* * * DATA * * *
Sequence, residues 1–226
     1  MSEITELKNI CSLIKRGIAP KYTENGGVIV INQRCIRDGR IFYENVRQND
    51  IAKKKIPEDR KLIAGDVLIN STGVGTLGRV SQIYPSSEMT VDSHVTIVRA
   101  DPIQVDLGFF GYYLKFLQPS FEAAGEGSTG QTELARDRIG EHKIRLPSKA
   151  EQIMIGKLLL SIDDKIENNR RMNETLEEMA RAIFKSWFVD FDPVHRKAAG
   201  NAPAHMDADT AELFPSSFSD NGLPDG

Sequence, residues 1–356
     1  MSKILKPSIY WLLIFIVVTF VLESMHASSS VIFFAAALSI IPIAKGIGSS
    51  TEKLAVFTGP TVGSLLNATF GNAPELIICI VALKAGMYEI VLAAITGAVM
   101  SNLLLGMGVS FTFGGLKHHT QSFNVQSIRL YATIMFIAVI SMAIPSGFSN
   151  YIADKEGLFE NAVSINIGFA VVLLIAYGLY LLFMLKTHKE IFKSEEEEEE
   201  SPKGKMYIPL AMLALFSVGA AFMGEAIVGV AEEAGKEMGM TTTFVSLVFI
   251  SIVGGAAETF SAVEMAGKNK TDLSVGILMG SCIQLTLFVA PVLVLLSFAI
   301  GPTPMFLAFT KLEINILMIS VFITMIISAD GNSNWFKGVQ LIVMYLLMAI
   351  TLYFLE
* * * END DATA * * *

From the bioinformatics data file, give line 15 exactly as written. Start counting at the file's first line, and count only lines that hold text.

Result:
   351  TLYFLE